Mucha worked within the Art Nouveau movement which appeared across Europe over a period of several decades. It was he specifically who added poster art into its inventory, although a number of other European artists would later take inspiration from his work and continue this approach to advertise a number of aspirational brands. The item that we see in front of us here, Age of Reason, illustrates an artist who was now able to work entirely in the themes and styles that he wanted to, from an artistic perspective. Mucha has by now achieved financial freedom through his hard work in the commercial sector and this afforded him a certain level of freedom in the latter years of his career. His Slav Epic series was one example of that, as even though it was funded privately, the original idea was entirely his own.
Triptychs have been common within European art but must more so in previous centuries, particularly within the Renaissance and Baroque eras. For Mucha to do so in the late 19th, early 20th century was very unusual but there was a symbolic reason for doing so. He wanted the three themes to sit together and so produced items for love and reason, with wisdom sitting in the middle, suggesting that success for humanity would require the use of wisdom in order to find the right balance between us using our minds and our emotions. Whilst the overall designs were never fully completed, we have plenty enough to enjoy and learn from what he was doing, including a whole series of sketches that laid out the designs for each piece and also help us to see how the artworks developed over time, before he even started the paintings themselves.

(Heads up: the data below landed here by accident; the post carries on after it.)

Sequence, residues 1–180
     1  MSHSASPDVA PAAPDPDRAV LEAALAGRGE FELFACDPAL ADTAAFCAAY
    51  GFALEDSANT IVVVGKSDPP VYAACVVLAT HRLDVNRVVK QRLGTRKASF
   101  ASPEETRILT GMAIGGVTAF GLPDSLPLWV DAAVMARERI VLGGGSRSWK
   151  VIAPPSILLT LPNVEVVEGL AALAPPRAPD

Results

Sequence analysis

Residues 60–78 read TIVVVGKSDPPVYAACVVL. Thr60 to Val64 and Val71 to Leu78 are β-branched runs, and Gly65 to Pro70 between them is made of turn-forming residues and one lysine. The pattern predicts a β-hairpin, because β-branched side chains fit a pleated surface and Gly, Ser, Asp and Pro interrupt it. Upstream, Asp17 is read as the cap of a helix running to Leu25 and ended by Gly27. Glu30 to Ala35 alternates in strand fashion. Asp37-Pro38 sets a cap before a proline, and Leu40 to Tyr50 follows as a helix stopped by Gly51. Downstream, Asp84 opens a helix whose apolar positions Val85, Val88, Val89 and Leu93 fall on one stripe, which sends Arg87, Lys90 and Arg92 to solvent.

Alphonse Mucha would leave behind several hundred artworks by the end of his career, including a variety of watercolours, oil paintings, drawings and lithograph prints. His work was most famous for his depictions of young women in classical clothing and an atmosphere of purity. There was some similarity between the content that he used within his posters and illustrative drawings and the work of a number of English artists in the Pre-Raphaelite movement, such as John William Waterhouse, William Holman Hunt and Edward Burne-Jones. This type of portraiture has been particularly popular in recent years, harping back to a time when life was simpler and perhaps better.